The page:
Sh*t I Say to Myself by Katie Krimer aims to help readers change their negative self-talk. The author is a therapist, and also describes herself as “a recovered negative thinker and self-talker. I’m also a former insomniac, life-long worrier and overthinker, recurring panic attack survivor, skilled ruminator, and recuperating perfectionist.”
The book is broken down into chapters devoted to various common negative self-talk statements. It covers topics like thoughts being electrical signals rather than facts, cognitive distortions like all-or-nothing thinking, perfectionism, and feeling like you’re not where you should be in life. The author offers suggestions for changing the words you use in talking to yourself, like saying goodbye to shoulds and replacing “yes, but…” with “yes, and…” She points out that when we tell ourselves “I can’t”, it’s usually code for something else, like “It feels too hard to…” or “I’m scared to…”
Some bits I liked:
- “Life is difficult enough without us compounding any suffering with criticizing the way our mind is experiencing life.”
- We can try to be curious, “turning ‘ugh’ into ‘huh'”.
- “One of the functions of our thought loops is that they give us an illusory sense of control over a situation that otherwise feels upsetting, unfinished, or uncertain.” Our brains do this “to try to protect us from the intolerable discomfort of not knowing.”
- Regarding negative filtering: “In essence, we distort the reality of what we hear and process it through a tattered, moldy filtration system and convince ourselves that the gross gunk is the ultimate truth about others, life, and us.”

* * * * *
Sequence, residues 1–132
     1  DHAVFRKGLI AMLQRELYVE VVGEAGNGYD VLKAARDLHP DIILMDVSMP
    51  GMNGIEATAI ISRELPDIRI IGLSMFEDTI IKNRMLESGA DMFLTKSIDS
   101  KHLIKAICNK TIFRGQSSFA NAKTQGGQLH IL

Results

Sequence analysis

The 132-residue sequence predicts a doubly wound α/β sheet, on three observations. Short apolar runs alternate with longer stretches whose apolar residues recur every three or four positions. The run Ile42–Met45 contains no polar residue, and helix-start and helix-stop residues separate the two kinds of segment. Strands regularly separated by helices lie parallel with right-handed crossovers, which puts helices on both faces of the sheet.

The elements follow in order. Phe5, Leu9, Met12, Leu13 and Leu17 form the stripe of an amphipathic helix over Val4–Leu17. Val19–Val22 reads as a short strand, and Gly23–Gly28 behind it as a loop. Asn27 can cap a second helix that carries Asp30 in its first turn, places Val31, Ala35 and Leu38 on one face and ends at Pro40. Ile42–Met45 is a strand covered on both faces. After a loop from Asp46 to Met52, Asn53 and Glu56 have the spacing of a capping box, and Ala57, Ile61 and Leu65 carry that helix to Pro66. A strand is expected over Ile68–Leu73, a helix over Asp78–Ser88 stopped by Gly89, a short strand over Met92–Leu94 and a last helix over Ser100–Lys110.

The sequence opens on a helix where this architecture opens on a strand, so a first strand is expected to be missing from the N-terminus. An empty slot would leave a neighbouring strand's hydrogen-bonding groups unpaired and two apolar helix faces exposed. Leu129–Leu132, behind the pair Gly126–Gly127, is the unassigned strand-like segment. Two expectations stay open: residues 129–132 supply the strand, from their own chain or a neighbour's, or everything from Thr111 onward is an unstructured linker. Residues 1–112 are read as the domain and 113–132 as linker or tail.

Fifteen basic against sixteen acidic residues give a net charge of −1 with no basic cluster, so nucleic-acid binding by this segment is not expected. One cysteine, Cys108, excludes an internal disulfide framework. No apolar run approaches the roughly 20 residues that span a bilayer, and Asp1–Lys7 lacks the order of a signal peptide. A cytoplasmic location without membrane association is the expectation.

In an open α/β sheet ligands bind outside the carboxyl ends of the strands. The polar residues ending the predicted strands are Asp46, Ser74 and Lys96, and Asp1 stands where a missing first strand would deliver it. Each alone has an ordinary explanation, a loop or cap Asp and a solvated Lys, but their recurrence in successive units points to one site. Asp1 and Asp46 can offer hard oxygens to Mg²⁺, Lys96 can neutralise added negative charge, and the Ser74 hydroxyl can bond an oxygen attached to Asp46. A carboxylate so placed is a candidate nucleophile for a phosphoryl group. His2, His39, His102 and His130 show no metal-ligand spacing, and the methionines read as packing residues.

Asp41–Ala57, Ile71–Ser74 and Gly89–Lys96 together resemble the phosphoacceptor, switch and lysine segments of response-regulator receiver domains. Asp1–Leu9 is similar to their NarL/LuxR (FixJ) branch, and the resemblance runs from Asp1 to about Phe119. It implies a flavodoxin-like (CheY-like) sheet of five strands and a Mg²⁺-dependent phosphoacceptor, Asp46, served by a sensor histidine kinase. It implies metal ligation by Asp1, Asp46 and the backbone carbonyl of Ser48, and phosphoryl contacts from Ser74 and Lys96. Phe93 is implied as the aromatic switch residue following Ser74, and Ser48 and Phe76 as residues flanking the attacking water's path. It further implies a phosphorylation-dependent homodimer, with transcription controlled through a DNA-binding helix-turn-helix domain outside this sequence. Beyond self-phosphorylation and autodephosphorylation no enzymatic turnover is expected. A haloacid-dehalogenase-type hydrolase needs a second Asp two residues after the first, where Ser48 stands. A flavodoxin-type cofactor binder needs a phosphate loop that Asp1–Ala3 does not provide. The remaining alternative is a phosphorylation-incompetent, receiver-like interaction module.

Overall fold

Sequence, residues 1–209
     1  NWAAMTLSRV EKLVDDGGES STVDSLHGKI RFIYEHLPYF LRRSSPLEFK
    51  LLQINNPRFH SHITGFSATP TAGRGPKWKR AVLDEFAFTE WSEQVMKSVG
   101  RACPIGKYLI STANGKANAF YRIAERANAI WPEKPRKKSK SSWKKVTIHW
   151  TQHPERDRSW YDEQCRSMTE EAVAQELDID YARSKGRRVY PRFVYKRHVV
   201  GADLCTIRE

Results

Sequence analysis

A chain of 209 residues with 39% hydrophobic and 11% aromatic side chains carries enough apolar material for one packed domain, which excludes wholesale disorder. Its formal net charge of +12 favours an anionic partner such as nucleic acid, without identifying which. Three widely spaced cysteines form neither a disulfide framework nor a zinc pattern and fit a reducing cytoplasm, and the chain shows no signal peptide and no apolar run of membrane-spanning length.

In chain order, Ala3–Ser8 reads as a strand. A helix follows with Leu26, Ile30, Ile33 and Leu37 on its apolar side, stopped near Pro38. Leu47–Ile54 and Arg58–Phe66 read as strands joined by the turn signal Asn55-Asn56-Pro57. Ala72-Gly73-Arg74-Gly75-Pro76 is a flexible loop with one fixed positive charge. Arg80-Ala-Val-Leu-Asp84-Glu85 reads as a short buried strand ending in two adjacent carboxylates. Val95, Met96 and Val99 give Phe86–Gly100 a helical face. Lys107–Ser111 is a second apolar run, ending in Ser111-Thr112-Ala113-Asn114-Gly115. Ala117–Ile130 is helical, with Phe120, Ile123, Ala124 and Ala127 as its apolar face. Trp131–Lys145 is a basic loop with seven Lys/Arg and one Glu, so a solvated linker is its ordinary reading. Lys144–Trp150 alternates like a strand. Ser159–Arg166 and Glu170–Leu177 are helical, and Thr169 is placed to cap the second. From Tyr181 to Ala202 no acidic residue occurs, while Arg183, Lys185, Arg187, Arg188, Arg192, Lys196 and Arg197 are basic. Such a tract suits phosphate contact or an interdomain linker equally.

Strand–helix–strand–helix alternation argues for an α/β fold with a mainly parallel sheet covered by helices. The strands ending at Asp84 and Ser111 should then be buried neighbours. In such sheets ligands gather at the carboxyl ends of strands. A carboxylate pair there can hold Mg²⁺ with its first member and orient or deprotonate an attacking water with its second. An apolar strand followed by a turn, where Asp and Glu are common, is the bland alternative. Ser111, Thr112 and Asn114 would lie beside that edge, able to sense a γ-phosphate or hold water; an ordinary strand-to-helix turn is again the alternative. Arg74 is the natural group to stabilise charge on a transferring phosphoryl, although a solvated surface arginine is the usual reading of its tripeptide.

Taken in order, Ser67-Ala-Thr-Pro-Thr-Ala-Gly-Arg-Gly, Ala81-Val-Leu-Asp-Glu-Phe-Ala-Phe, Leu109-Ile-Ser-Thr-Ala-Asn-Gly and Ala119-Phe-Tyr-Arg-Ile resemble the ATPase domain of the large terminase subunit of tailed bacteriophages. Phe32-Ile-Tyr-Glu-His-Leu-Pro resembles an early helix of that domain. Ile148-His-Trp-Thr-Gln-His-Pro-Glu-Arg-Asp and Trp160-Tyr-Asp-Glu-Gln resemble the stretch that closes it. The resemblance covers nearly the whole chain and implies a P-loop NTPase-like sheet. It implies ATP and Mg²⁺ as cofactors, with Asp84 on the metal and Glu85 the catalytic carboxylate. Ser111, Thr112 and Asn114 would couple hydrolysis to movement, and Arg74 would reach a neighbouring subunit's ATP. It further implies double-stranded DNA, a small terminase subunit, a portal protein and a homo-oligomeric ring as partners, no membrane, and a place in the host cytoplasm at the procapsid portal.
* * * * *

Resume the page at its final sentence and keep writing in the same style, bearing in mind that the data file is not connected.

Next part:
Self-help books involving swearing have been big in recent years. When done well, this can come across as being true to how people actually talk, and when not done so well, it can come across as gimmicky. For the most part, it was done well in this book, but there were a few times when it seemed a bit much.
Some of the slang used made me notice the generation gap between Gen-X me and the millennial author. I haven’t quite wrapped my head around the fact that “dope” is something millennials say now, as I can’t help but think of Vanilla Ice and the lines “Deadly, when I play a dope melody, Anything less than the best is a felony” in Ice Ice Baby. The book does seem to be aimed at a millennial audience; that’s the main clientele the author works with, so the examples she gave of issues her clients have dealt with were based on that population.
The book was easy to read, with short chapters. There were also some fun illustrations to mix things up. I liked how upfront the author was about her own negative self-talk. The author doesn’t explicitly state the therapeutic approach that the book is based on, but it incorporates mindfulness and cognitive behavioural therapy (CBT). As you might expect from a swearing-heavy book, the tone is blunt, but in a supportive, encouraging way. That approach isn’t going to work for everyone, but if it’s something that appeals to you, I think you’ll quite like this book.
Sh*t I Say to Myself is available on Amazon (affiliate link).
I received a reviewer copy from the publisher through Netgalley.